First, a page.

• A 23-year-old man died after being accidentally shot in a Greshman, Oregon home.
• A Cleveland father has been charged in connection with the death of his 6-year-old daughter from a self-inflicted gunshot wound.
• One man was shot in Elyria, Ohio, just west of Cleveland, early Saturday morning.
• A man was found shot dead in a parking lot in Greenville County, South Carolina.
• Two people were shot and killed outside an inn in Hampton, Virginia.
• At least 10 people were shot in Chicago, at least two were fatal.
• A Colorado Springs man was driven to the hospital with a gunshot wound.
• A Jackson, Mississippi police officer was shot while responding to a disturbance call.
• One man was shot at a Martin Luther King Jr. parade in Jackson.
• Two men and one woman were shot at a home in Oakland.
• An 11-year-old boy was shot in an Oklahoma City apartment complex.
• Police in Richmond, Virginia are looking for three men who shot another man in his thirties.
• Police believe gang violence is to blame for the shooting death of one man in Santa Ana, California.
• An early morning shooting in Tuscaloosa injured two teenagers.

Gathering the Bones

December 20, 2012 § 1 Comment

daniel in bed.2
A child still with us

We were talking about guns, as many people have been lately, and Charles told me that when he was 15, he was first out of 400 in his summer camp rifle shooting competition. And as a matter of course joined the NRA. (Undoubtedly his membership expired when they started requiring membership fees.)

I thought that was cool. I would like to be first out of 400 in something requiring that kind of hand-eye coordination. And I guess if I were in a situation requiring a gun, and happened to have one handy, it would be nice to be able to shoot it effectively. But those days are long gone, not only for us (age), but for America.

Shooting a rifle well enough to win a prize is nothing like buying a machine gun you have no acceptable use for unless the zombie apocalypse comes (and everyone knows bullets barely slow down a zombie). Even if we devolve into barbarism in the lifetime of today’s adults, a machine gun is a tricky proposition: those people approaching your stronghold may be killer junkies but may also be not-so-bad guys you could negotiate with. A shotgun would be fine.

“But what if they have machine guns?” says the eager purchaser, the kind who has cleaned out gun shops this week. I don’t know…maybe…go fuck yourself? I’m not sure I want to hang out with those guys or have them survive, though I understand they see it differently. The point is, most of them don’t expect to need their guns, they just find them, as one said, “exciting.” Yeah, I found drunk driving kind of exciting when I was 17. I found one-night-stands with strangers exciting in my 20’s and early 40’s, and crazy love exciting well beyond that.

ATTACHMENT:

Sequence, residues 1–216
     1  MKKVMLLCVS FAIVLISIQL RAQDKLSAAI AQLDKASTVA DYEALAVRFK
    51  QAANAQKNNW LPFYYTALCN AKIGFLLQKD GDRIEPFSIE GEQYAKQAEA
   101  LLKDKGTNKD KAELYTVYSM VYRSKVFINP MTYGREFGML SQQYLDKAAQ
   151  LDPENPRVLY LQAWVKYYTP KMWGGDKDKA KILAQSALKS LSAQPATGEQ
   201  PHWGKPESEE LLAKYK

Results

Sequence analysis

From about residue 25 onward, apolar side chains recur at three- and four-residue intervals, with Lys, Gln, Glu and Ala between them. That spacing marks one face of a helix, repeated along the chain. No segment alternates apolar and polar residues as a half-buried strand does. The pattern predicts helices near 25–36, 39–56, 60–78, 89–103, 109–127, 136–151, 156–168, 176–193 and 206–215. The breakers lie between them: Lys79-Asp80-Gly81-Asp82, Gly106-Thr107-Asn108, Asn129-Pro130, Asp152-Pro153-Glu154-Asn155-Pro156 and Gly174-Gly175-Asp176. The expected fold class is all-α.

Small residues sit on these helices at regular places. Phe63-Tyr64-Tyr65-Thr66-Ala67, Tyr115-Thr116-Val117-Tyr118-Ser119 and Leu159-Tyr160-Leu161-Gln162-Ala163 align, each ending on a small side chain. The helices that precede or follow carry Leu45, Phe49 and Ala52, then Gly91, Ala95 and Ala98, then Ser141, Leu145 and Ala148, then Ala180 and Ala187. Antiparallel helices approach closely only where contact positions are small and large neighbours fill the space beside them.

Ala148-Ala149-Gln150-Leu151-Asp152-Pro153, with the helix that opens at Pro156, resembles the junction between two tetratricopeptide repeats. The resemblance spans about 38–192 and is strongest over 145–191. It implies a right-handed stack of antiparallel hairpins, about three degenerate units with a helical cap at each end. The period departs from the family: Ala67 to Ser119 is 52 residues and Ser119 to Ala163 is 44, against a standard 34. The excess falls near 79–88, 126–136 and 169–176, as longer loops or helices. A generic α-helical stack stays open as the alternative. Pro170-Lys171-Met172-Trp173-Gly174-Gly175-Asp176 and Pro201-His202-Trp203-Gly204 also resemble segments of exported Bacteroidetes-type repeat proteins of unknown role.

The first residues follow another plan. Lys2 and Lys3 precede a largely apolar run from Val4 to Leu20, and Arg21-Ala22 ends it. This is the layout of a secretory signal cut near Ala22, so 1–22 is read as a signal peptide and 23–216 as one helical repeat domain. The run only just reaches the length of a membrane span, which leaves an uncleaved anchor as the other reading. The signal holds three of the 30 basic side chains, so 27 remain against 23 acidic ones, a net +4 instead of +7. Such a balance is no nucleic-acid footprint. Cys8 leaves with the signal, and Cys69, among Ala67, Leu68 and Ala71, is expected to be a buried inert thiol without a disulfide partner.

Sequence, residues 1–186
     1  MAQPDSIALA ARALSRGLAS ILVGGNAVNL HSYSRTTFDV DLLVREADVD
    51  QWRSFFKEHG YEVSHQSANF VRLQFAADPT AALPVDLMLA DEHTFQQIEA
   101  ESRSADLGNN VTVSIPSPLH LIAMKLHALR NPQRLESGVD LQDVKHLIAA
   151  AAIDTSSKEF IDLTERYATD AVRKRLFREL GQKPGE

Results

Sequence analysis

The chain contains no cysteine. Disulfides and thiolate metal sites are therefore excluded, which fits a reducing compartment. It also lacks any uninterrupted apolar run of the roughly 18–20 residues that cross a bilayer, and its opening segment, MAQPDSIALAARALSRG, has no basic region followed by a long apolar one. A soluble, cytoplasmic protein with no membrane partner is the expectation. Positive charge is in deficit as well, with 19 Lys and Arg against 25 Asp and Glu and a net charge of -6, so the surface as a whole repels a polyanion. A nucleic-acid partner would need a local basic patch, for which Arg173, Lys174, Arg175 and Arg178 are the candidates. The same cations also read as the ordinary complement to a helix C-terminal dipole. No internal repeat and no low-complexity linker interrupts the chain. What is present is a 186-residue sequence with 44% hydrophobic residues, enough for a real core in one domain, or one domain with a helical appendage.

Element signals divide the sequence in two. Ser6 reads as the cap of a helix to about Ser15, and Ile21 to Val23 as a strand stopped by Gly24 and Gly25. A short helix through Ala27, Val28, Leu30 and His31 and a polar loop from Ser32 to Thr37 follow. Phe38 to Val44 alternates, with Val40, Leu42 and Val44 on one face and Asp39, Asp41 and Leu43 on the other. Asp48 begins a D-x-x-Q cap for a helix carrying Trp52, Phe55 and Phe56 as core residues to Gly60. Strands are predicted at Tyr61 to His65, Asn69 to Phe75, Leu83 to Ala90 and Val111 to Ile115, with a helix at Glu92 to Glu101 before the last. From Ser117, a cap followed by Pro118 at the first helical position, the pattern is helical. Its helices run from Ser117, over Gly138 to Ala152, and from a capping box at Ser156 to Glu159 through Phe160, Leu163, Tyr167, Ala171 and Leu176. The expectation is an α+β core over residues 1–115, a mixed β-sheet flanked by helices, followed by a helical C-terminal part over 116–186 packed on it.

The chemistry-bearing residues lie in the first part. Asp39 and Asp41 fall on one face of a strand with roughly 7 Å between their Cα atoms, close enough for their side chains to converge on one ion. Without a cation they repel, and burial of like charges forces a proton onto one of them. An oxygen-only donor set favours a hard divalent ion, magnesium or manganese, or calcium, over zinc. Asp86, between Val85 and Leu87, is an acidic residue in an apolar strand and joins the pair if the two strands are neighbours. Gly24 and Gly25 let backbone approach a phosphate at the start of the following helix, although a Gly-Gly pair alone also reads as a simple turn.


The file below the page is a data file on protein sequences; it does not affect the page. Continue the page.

God save me from more excitement. When you’re in the midst of it—anything infatuating and dangerous—you don’t honestly reckon the cost. ‘Excitement’ has a way of skewing perception. We see 20 kids dead, they see a way to make Saturdays a thrilling break from the workweek, family, day-to-day blah of life. I get it. Your blood races, your nerves hum, your senses expand, power (in disguise as mastery) is an enormous rush. You feel manly. Womanly. Special. But then your kid dies or kills someone. Or you’re lucky and just shoot off a few toes.

My brother, as a teenager, almost shot someone with a gun he was certain was unloaded. At the last minute, he swung it away from his friend. He says he heard our father (who died when he was eight) telling him, “Never point a gun at someone unless you mean to kill him.” And the gun, which actually was loaded, blew out a window.

My father meant to kill himself and he succeeded. Death was one of his erogenous zones.

I’ve experienced what it’s like to have a child and a parent in the family die. I can imagine what it would have been like if my brother had killed his friend Jonathan. I don’t think he’d be recovered yet.

So if, by any chance, I’m not preaching to the converted, please pay attention: if a gun is exciting to you, how much more exciting might it be to your kid or the neighbor’s kid or the young guy who burgles your house? Not to mention that your wife might fantasize about mistaking you for an intruder a lot more often than you think.

After our gun chat, Charles and I moved on to Christmas presents. He said, “All I want is that you not call me an asshole under your breath on Christmas day.” I mean, c’mon! He’d promised and promised he’d do something, we had a guest coming! It was only that once…